BARKAN, West Bank — An Israeli-run factory in the West Bank asks its Jewish employees on military reserve duty not to drop by in uniform so the Palestinian workers won’t feel occupied, according to one Israeli manager.
In the Barkan Industrial Park, one of several Israeli-run commercial zones near Jewish settlements in the occupied West Bank that Israel and its supporters have long held up as models of coexistence, factory owners pay Israeli and Palestinian workers equally. They avoid any visible security or weapons. And they organize company barbecues to try to keep tensions tamped down.
But those efforts suffered a blow last weekend when a 23-year-old Palestinian electrician, identified by the Israeli authorities as Ashraf Naalwa, ran up to the second floor of the factory where he had been working. Armed with a submachine gun, he bound the hands of a secretary, Kim Levengrond Yehezkel, a 28-year-old mother of an infant, before fatally shooting her, authorities said.
He then killed 35-year-old Ziv Hagbi, an accountant and father of three. He also shot and wounded a 54-year-old employee, Sarah Vettori, before fleeing.
The other factories in Barkan, deep in the central West Bank, were back to normal a few days later, if unsettled by the fact that the suspect was at large. But the attack underscored what many here have long tried to ignore: These islands of cooperation are vulnerable points of friction in territory that the Palestinians claim for a future state and that is part of a Jewish settlement project most of the world considers a violation of international law.
The machines at the Alon Group, where the attack took place, remained idle throughout the week. Death notices hung at the front gate of the factory, which produces waste management systems.
“There’s a lot of pressure on us right now from various quarters,” said Eran Bodankin, the logistics manager. “They say it is best to get straight back to work, to prevent post-trauma and to show the hostile forces that they didn’t beat us.” But he said the company was still focused on grieving and supporting the families of those killed.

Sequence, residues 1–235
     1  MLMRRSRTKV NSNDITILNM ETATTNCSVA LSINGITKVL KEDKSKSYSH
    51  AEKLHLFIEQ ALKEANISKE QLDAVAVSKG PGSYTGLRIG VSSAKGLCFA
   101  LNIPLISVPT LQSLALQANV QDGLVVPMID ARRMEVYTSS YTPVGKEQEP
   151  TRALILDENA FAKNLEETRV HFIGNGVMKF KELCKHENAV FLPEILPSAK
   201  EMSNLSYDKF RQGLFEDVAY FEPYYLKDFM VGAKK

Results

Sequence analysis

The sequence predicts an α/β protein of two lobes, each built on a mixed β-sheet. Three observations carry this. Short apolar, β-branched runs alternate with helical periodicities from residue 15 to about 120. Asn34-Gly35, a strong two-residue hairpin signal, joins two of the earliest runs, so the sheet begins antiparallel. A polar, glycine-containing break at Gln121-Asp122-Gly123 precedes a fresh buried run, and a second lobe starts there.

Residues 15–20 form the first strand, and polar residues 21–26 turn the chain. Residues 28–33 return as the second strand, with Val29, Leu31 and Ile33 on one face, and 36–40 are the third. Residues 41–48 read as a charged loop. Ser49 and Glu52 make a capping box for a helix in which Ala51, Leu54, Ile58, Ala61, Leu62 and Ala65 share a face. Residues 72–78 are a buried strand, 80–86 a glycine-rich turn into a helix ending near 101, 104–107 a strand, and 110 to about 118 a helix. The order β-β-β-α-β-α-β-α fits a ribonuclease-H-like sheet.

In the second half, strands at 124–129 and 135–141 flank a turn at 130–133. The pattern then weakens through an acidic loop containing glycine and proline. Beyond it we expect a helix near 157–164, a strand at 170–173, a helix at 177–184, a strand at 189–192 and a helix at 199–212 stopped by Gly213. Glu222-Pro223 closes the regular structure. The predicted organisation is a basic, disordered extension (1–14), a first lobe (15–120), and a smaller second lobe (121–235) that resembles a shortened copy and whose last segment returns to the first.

“We will return when we feel we are ready emotionally,” he said, “and can give our workers the security required to ensure they’ll get home safely.”
In the room next door, a group of employees, including some Palestinian managers, were meeting with psychologists. Taking a break in the yard, one Israeli said he had worked with some of the Palestinians here for years but didn’t believe they were truly sorry about what had happened, despite what they said. Another said the point was to try to get back to how things were before.
Ms. Vettori told reporters from her hospital bed of how one Palestinian co-worker, Basel, ran to her side, comforted her and stanched the flow of blood from her wound with a paper roll until help arrived.
“One murders and another saves life,” she said.
The roads outside the bubble of Barkan, where pairs of armed soldiers guard Israeli bus stops, are roiling with violence and danger. On Thursday, a Palestinian assailant stabbed and wounded a reserve soldier near an army brigade headquarters. On Saturday, the Israeli police said they were investigating the death of a Palestinian woman who had been struck in the head by a stone thrown by settlers as she rode in a car with her husband in the area, according to Palestinian reports.
But the Israeli-controlled industrial and commercial zones of the West Bank are often held up by Israel supporters as evidence that military rule over the West Bank can benefit the Palestinians. Jewish settler leaders bring international groups to visit Barkan.
In condemning the attack, Jason D. Greenblatt, President Trump’s special representative for international negotiations and main Middle East negotiator, described Barkan as “a beacon for coexistence and a model for the future.”
The West Bank industrial zones offer industrialists cheaper rent than in central Israel, among other incentives. And for the roughly 3,300 Palestinians who work in Barkan, the appeal is clear. They are treated equally in the workplace, earning the same salaries and benefits as their Israeli counterparts under Israeli law.